DUBLIN COULD become a green, energy-efficient city by switching to currently available technologies in a series of moves which would largely pay for themselves, a new study on the capital’s carbon emissions has concluded.
According to the study from UCD’s School of Electrical, Electronic and Mechanical Engineering, key changes in energy use, heating and transport could reduce Dublin’s carbon emissions by almost one-third by 2025, compared to 2005 levels.
The study which ranked potential CO2 abatement measures in terms of effectiveness and cost, found the most effective would be the generation of renewable electricity. This was followed by retro-fitting buildings to make them more energy efficient, while in third place was the completion of Transport 21.
But the study found modifying petrol and diesel cars was more effective than introducing electric cars, over the period. While 65 per cent of transport emissions in Dublin come from privately-owned cars, the study said the most effective measure in combating these emissions was to move ahead with Transport 21 with its two metro lines and improved Luas routes. This should be followed by “straight forward fuel efficiency” in car engines which the study said had abatement potential of 0.16megatonnes (mt) of CO2 by 2025, for petrol cars, and 0.13mt of CO2 for diesel.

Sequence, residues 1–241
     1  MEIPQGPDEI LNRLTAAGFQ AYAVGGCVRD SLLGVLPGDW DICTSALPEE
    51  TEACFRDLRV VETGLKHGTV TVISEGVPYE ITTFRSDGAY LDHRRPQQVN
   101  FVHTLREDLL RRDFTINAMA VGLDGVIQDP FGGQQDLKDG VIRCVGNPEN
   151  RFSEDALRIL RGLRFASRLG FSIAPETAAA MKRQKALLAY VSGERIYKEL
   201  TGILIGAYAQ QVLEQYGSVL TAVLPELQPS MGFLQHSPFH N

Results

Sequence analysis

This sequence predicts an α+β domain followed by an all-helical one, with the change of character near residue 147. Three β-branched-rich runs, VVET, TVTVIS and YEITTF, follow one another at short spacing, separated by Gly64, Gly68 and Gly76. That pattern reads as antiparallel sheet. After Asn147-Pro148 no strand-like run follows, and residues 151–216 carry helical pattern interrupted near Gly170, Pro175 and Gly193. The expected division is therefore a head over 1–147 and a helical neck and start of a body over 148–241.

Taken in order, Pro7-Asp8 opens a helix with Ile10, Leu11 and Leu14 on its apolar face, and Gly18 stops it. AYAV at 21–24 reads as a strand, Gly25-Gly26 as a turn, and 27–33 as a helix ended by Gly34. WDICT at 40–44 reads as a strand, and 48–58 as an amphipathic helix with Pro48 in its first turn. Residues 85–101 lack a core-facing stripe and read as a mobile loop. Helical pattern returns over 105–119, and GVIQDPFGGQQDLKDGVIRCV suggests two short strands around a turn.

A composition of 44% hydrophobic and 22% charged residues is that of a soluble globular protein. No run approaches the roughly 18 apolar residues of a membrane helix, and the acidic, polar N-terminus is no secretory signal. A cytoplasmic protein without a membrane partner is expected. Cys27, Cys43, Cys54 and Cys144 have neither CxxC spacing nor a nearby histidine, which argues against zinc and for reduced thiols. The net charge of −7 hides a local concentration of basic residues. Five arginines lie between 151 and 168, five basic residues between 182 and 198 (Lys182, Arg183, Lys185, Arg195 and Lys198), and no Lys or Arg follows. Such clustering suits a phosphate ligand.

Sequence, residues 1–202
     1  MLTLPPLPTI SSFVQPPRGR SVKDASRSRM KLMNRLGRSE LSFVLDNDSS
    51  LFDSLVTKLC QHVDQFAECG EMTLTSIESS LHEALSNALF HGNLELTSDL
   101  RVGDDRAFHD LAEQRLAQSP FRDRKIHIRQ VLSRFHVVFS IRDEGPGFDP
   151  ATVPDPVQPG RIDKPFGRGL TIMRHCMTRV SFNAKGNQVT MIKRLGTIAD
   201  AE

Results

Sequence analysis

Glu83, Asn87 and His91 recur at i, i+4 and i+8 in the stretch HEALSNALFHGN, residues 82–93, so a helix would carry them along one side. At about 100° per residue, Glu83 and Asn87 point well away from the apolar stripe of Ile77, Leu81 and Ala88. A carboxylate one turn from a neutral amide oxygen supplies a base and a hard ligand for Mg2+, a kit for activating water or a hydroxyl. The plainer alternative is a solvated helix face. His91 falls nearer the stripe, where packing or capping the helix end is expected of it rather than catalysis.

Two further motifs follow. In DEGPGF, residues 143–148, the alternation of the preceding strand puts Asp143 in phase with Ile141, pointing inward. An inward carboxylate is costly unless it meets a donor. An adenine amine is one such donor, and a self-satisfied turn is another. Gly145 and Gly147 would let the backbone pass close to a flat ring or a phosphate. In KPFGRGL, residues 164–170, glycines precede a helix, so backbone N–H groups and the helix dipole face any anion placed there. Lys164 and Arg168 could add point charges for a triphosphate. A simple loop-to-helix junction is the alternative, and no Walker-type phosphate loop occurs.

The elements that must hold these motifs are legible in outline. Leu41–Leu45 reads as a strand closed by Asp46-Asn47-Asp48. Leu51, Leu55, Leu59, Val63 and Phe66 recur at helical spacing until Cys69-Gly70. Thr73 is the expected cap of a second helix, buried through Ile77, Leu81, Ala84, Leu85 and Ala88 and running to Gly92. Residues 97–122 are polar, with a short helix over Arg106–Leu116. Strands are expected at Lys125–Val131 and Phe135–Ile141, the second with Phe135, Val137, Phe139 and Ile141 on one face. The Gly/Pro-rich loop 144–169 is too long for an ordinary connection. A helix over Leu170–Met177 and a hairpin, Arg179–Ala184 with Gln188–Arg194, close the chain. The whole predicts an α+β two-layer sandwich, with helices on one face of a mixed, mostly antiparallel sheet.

Electric cars had a potential reduction of just 0.05 mt of CO2 by 2025, and then only if 12 per cent of all cars in the region were electrically powered. Other key moves included city district heating schemes, the use of domestic and commercial biomass fuels, traffic management, Led public lighting and vehicular biofuels.
The research, which recommended about 20 individual switches in technology uses, found greenhouse gas emissions from buildings, transport and energy could be reduced by about 28 per cent by 2025, compared to 2005 levels.
Until 2025 an incremental investment totalling €2.27 billion would be required to finance the changes, but three-quarters of the changes would be self-financing in about four years.
The approach to lowering CO2 emissions by switching technologies was endorsed by Dublin City Manager John Tierney who said “technology could play a major role in reducing greenhouse gas emissions, and it is also key to driving modern knowledge-based economies . . . there is a real opportunity to put Dublin at the vanguard of sustainable development”.
The UCD research team was led by Prof Gerry Byrne and Dr Donal Finn. It was sponsored by Siemens, whose chief executive Dr Werner Kruckow said the changes represented “a challenge, but not an insurmountable one”.
He described a future in which Dublin was an energy efficient, low CO2 city and said the alternative to investing in that future, was to have to pay for carbon credits. “A choice must be made, but to me it is a no-brainer” he said.
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